The exhibition Between Two Worlds draws its title from a book of selected poems written by Américo Paredes (1915–1999) in which the author reflects on his experiences growing up along the Texas-Mexico border. A writer, journalist, and ethnographer, Paredes was a foundational figure in Mexican American and Chicano studies and taught literature and anthropology at The University of Texas at Austin for several decades. In this lecture, literary scholar Ramón Saldívar (professor of English and Comparative Literature, Stanford University) discusses Paredes’ life, work, and legacy.
Between Two Worlds is organized by Jesus Treviño with Center Space Project. The exhibition is on view September 25 – November 20, 2020.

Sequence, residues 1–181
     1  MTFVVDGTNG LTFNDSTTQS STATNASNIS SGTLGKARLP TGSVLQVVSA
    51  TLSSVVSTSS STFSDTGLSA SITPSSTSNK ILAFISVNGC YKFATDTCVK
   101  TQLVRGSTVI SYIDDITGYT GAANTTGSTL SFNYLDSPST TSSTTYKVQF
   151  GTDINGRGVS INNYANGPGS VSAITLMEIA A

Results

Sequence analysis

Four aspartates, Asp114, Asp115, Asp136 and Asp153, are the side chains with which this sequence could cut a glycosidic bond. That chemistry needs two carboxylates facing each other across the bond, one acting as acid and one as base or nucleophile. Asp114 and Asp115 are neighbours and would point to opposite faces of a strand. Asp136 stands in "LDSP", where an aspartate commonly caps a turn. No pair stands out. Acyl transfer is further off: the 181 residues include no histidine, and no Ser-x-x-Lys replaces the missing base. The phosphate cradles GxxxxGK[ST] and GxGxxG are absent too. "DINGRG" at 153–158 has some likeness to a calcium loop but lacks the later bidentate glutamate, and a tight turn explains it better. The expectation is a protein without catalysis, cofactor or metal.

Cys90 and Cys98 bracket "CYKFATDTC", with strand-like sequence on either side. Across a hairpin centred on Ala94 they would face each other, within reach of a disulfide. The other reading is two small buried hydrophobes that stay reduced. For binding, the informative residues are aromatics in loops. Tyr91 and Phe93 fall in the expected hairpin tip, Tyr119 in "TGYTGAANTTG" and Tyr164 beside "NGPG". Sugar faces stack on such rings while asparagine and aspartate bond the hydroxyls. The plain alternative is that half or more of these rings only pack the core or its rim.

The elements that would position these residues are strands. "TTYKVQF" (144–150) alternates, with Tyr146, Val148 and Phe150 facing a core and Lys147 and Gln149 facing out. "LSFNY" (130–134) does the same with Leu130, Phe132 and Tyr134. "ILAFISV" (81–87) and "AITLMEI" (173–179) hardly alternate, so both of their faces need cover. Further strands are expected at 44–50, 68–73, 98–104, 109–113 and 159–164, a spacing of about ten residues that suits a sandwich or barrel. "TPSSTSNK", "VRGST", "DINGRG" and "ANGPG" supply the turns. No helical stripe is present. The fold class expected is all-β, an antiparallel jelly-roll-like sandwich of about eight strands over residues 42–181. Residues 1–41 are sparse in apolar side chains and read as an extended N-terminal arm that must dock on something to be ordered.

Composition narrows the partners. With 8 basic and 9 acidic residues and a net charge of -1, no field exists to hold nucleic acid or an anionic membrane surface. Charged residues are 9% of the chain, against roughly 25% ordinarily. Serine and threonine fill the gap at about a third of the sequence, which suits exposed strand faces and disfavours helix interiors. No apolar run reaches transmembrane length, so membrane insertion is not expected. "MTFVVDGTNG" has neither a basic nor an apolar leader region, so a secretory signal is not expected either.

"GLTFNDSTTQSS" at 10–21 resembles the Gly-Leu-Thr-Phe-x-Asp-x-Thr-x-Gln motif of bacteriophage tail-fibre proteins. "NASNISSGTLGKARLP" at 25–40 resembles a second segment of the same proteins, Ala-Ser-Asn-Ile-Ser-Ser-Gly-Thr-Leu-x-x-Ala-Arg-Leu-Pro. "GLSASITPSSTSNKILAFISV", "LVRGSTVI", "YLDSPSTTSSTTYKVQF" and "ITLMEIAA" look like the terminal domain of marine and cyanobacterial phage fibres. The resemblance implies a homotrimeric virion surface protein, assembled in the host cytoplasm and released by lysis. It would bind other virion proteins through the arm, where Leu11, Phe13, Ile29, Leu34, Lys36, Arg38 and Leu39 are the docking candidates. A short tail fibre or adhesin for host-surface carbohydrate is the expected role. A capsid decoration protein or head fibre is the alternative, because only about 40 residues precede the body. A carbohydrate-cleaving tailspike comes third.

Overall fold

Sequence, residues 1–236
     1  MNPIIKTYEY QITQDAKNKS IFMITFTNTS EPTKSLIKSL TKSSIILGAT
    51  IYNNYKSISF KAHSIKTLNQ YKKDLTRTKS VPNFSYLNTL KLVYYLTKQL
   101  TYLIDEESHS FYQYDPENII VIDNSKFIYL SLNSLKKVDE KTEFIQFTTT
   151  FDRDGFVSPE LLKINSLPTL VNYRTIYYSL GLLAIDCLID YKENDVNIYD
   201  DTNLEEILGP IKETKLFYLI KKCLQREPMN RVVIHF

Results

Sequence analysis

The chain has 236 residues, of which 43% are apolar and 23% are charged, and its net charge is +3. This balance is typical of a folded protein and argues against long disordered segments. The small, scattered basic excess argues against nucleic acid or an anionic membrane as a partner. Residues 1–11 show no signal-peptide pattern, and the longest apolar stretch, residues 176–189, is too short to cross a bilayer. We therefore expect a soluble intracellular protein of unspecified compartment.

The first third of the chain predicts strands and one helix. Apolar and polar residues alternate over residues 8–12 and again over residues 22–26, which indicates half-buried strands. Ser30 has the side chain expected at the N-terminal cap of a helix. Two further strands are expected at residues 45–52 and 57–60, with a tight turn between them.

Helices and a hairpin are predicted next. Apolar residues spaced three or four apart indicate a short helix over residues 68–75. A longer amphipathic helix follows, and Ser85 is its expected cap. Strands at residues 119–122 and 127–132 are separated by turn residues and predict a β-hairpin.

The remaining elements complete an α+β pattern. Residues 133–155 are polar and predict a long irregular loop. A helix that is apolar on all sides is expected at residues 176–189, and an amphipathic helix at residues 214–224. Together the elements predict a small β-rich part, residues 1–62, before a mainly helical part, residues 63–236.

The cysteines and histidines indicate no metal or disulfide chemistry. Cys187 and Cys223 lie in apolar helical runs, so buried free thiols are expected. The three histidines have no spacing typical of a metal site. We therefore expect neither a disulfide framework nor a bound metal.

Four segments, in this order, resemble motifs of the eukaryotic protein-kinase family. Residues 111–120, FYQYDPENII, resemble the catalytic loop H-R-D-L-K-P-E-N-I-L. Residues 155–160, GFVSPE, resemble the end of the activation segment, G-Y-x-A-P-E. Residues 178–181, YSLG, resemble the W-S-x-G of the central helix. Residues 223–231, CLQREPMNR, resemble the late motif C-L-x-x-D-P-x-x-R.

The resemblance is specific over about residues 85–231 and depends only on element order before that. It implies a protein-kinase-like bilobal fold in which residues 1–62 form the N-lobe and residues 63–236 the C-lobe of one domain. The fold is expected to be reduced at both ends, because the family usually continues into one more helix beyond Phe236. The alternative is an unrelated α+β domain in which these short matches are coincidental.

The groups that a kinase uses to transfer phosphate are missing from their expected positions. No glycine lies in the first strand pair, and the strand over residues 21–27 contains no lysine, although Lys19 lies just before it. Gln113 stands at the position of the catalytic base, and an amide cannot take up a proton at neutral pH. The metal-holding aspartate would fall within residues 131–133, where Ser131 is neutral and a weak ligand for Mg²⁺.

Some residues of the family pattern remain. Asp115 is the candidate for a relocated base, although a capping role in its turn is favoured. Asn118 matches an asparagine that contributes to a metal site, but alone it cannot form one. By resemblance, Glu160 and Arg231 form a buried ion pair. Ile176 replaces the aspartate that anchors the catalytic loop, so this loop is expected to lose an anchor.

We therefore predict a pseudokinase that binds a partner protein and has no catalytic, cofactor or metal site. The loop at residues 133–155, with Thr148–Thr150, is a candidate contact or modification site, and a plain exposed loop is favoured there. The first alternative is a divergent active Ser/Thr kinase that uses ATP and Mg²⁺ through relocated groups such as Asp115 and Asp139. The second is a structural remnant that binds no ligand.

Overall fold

Ramón Saldívar is a professor of English and Comparative Literature and the Hoagland Family Professor of Humanities and Sciences at Stanford University. He was awarded the National Humanities Medal by President Barack Obama in 2012, and in 2013 was appointed to a six-year term on the National Council on the Humanities, the advisory board of the National Endowment for the Humanities. His teaching and research focus on the areas of literary criticism and literary theory, 19th, 20th and 21st century literary studies, the history of the novel and other narrative forms, issues concerning transnationalism and globalization, critical race theory, comparative studies in race and ethnicity, and U.S. Latinx Studies. He is the author and editor of four books and numerous other scholarly publications. In 2006, he was awarded the Modern Language Association Prize in US Latina and Latino and Chicana and Chicano Literary and Cultural Studies for his book, The Borderlands of Culture: Américo Paredes and the Transnational Imaginary (Duke, 2006). He is currently working on a new project, tentatively titled “The Racial Imaginary: Speculative Realism and Historical Fantasy in Contemporary American Fiction.”